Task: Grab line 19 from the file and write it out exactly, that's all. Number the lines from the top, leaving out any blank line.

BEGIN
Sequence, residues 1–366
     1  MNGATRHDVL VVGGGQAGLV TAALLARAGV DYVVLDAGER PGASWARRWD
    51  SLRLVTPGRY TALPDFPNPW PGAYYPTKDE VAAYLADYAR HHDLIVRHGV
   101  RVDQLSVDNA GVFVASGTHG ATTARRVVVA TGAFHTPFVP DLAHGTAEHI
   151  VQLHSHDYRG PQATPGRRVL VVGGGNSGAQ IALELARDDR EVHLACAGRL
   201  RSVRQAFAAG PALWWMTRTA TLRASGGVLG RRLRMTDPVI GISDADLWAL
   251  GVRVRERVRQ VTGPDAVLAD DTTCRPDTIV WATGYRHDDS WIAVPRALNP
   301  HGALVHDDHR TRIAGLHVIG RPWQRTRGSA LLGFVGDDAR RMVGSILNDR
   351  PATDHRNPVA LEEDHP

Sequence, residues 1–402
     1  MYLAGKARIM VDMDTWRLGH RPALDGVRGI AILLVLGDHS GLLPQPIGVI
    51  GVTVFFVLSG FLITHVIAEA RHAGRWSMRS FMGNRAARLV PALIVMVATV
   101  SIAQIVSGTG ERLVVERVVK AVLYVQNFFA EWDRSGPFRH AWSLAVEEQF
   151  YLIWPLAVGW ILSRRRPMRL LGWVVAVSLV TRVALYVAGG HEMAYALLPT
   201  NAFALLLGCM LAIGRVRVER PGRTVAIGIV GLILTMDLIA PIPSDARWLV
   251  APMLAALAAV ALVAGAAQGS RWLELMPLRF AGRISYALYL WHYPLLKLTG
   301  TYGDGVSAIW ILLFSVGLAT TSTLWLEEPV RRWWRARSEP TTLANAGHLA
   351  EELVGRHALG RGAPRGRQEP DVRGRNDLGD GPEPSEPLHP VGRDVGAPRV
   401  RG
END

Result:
   401  RG